Romona arrives at Jubilee Invitations and Party Supplies in Solon to make some last-minute additions to her guest list. Owner Cheryl Williams and her staff not only ordered the WKYC-TV 3 anchorwoman's invitations, but they assembled, addressed and mailed them to her 150 or so guests — a surprisingly small number given the bride's high-profile job and popularity in the Cleveland area.
"I never wanted a large wedding," Romona says. "My wedding is really all about family and friends."
Just because she's planning a relatively intimate wedding, however, doesn't mean the bride settled for plain white or ivory invitations. Inspiration struck while she was at home watching a talk show one December morning.
"I saw these beautiful invitations in a box," she remembers as she stands at the cash register. "I knew they were made in New York, but I didn't catch who made them. I wrote the show, but no one wrote me back. So I went on a desperate hunt to find invitations in a box. Someone referred me to Cheryl."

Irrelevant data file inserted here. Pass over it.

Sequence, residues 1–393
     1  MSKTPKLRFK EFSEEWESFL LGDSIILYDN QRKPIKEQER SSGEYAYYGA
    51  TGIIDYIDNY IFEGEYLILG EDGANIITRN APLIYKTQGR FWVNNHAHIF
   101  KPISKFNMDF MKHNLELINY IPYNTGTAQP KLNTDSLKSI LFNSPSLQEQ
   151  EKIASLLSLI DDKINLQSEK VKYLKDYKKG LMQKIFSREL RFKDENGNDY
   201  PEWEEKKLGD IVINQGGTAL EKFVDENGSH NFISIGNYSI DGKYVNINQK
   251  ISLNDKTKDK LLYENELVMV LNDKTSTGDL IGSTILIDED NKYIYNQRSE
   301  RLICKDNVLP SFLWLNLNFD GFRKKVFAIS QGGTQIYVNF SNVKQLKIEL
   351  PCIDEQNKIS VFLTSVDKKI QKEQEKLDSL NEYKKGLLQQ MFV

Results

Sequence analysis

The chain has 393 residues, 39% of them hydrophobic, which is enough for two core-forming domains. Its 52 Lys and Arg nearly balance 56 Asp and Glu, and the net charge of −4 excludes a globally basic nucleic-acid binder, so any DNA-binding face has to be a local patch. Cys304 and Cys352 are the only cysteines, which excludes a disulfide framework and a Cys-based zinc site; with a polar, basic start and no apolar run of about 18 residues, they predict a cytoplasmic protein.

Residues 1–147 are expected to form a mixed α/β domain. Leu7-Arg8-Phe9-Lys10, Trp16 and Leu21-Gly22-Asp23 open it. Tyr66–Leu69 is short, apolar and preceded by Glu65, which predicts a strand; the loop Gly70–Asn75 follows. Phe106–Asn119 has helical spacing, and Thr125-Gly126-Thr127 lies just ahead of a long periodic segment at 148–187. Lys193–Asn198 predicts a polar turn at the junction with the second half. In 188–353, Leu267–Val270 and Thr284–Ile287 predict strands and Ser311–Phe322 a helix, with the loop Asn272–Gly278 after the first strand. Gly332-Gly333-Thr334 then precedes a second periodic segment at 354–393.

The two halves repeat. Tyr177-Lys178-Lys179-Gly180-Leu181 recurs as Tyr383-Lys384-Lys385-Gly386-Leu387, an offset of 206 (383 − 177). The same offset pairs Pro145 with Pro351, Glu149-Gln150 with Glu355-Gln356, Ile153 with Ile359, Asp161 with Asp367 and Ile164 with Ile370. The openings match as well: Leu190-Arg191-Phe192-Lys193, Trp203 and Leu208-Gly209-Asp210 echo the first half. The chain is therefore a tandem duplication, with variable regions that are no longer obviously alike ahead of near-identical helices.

When searches of Internet sites and sample books failed to yield exactly what Romona was looking for, Williams suggested the pair design a boxed invitation of their own. A standard custom invitation was ordered from Elite Personalized Creations in Waynesboro, Pa., that reflected Romona's wedding colors: a metallic pearl Swiss-dot cardstock square with red script mounted on a larger, 8-by-8-inch metallic crimson cardstock square, then tied at the left edge with lengths of crimson and white Swiss-dot organza ribbon.
Williams then ordered standard white handkerchief boxes, simple containers just like Romona wanted, that proved to be a perfect fit for the invitations. Each invitation was slipped between a folded sheet of ironed nonwoven tissue — a clothlike, wrinkle-resistant alternative to regular tissue paper — and placed at the bottom of a box. The box tops were lined with the same crimson cardstock used in the invitations. Reception and response cards, envelopes, folded maps and sheets of hotel information were neatly bundled and tied to the inside of the box tops with a piece of crimson organza ribbon inserted through holes in the cardstock — a clever move that eliminated digging through multiple pieces of paper just to get to the invitations. Finally, the assembled boxes were wrapped in a metallic crimson cardstock band, then preprinted Swiss-dot vellum address and return labels were affixed to them.
According to Romona, the time, effort and expense wasn't a waste.
"Normally, you think people throw away invitations," she says. "Everyone I talk to plans on saving theirs and displaying it somewhere in their home."